Confucius Institute brings China to Macon

Confucius Institute brings China to Macon

jmink@macon.comApril 11, 2013 

When visitors enter the lower level of Wesleyan College’s library, they step into another world. There, they are greeted by a small piece of China.

Chinese garments, quilts and artwork hang from the walls. Traditional Chinese lamps, dishes and vases sit throughout a beige-painted room. Glass cases hold Chinese memorabilia, and an aged Wesleyan registration book showcases signatures of three famous Chinese sisters.

But it’s more than just a section of the library. The area is home to the college’s Confucius Institute, which officially opened Thursday. With hundreds of establishments across the world, the institute bridges American and Chinese cultures, and Wesleyan has now joined the effort.

“We really think it’s going to be a positive development for the folks here at Wesleyan and in Macon,” Wesleyan President Ruth Knox said.

The institute works to educate people about Chinese culture and language, bringing teaching materials and Chinese educators to American institutions. At Wesleyan, college students already take Chinese courses, but beginning this fall, the institute will offer Chinese classes to the public. Some of those classes might have a small fee, and they will span from cultural to calligraphy courses, Wesleyan Provost Vivia Fowler said.

Additionally, the institute will hold public cultural events, such as Chinese holiday celebrations and Chinese theater performances. Several institutions place Chinese teachers in public schools, where they teach children Chinese language and culture, and Wesleyan will likely take that path. In fact, some private high schools already have expressed interest in working with Wesleyan’s institution, Fowler said.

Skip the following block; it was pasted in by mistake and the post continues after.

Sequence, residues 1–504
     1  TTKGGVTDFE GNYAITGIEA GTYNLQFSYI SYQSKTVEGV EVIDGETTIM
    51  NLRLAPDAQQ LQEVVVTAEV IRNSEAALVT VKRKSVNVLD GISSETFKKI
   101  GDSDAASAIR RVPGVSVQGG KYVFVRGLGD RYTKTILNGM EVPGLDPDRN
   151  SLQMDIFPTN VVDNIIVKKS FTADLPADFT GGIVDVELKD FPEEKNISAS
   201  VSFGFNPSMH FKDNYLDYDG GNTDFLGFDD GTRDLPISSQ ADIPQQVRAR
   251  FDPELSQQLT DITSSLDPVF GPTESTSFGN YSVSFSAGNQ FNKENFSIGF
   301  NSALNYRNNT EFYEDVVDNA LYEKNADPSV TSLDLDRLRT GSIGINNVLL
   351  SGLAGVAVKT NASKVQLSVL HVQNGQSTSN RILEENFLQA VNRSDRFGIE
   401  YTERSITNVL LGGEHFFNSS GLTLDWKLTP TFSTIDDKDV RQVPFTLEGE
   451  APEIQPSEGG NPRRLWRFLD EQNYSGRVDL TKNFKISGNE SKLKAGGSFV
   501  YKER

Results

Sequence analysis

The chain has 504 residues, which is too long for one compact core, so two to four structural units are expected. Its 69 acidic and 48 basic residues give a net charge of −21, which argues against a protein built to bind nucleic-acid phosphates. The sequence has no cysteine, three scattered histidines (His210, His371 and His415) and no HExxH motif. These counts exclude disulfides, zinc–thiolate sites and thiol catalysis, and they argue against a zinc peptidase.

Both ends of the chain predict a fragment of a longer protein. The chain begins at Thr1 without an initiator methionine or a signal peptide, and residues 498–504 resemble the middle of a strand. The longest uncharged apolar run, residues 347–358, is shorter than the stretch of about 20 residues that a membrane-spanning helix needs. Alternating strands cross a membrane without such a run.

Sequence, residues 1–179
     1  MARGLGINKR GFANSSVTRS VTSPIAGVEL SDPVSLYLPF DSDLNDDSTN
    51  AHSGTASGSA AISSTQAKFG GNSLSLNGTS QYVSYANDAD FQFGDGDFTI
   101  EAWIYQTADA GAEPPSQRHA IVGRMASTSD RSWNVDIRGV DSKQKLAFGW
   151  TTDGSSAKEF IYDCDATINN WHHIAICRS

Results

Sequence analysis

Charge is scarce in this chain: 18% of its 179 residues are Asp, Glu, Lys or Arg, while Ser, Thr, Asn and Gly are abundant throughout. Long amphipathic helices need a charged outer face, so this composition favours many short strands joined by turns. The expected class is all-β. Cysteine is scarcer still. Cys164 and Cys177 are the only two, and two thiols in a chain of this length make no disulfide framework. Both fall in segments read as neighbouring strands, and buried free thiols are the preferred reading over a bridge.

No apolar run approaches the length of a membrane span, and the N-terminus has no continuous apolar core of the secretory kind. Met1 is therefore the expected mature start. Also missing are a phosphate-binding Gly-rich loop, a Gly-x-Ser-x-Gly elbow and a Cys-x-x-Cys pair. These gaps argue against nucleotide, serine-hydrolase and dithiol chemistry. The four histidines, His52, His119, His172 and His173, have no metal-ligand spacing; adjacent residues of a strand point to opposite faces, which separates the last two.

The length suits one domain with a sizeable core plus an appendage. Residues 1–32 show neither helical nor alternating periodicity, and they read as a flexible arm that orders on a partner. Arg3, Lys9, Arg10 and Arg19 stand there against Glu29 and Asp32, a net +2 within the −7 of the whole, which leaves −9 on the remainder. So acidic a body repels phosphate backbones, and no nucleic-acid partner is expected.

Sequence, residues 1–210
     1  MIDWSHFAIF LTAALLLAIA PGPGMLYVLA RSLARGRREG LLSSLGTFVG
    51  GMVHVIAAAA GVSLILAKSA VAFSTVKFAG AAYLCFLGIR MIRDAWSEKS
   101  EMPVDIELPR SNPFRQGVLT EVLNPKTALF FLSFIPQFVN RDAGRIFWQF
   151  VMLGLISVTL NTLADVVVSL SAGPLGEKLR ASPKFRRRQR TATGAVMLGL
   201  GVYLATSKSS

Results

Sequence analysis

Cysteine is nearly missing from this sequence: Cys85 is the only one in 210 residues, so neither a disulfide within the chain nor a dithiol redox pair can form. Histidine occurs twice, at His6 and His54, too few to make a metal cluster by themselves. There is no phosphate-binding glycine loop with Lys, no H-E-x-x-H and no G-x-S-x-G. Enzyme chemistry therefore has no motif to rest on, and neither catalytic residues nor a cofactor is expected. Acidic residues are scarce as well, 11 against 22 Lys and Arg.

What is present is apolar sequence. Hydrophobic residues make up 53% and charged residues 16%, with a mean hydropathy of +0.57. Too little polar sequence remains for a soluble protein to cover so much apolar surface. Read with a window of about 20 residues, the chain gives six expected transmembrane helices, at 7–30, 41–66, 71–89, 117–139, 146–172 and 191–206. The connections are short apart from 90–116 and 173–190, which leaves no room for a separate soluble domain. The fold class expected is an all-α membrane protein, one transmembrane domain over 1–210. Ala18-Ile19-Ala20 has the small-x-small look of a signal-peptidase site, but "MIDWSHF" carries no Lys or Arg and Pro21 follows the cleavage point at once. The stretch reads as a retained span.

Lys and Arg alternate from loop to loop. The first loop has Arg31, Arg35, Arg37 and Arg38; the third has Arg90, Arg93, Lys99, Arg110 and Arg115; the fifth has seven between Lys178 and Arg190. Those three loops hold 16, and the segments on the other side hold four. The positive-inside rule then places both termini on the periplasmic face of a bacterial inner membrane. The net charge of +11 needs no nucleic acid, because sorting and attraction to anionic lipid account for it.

For Wesleyan students, the partnership means more study abroad opportunities, Knox said. Wesleyan is teaming with Guangzhou University in China, where Wesleyan will open an American Cultural Center in May. Yu Jianshe, president of Guangzhou University, attended Thursday’s grand opening at Wesleyan.

“We’ll have Chinese culture here and American culture there,” Fowler said.

In the future, Wesleyan College also might add an Asian studies program with the help of the institution, Knox said.

The local program got its start more than a year ago when Wesleyan was hosting a delegation of Chinese travel writers who were visiting Macon. Wesleyan already had a small room that was dedicated to Chinese culture. The writers were impressed not only with the “China room” but also with Wesleyan’s historical connection to China.

The three Soong sisters, who once were China’s most powerful women, were all educated at Wesleyan, according to a college document. Soong Ai-ling, who graduated in 1909, was the first Chinese woman to be educated in the United States. The sisters made headlines as economic, political and social leaders, as well as human rights advocates.

The writers, who visited Macon, thought the Soong sister connection made Wesleyan an excellent candidate for a Confucius Institute, Knox said. And the Hanban, the Chinese organization that oversees the Confucius Institute, agreed. “This is my dream realized,” said Xu Lin, director general of Hanban. “Our (country) has a very, very different, very, very special relationship with this college.”

After research, planning and trips to China, Wesleyan officials reached an agreement with Hanban to bring the institute to Macon. Wesleyan is one of four colleges and universities in Georgia with a Confucius Institute. This year, Kennesaw State University’s Confucius Institute sent 25 teachers to Bibb County public schools, where they are teaching students Mandarin Chinese.

While the Wesleyan community embraced the program, the institutes have endured nationwide controversy. Opponents have argued that the programs are propaganda vehicles and have too much influence over American citizens.

But proponents say the institutes build relationships and create cultural understanding, which is vital in today’s society.

“We can’t live in isolation,” Macon Mayor Robert Reichert said. “We’re part of a global economy.”

For Zhen Ying, a China native and economics professor at Wesleyan, the institution means a better connection to her home country, something that seems to be lacking in this nation, she said.

“I don’t think Americans have a clear understanding of China,” she said.

To contact writer Jenna Mink, call 256-9751.

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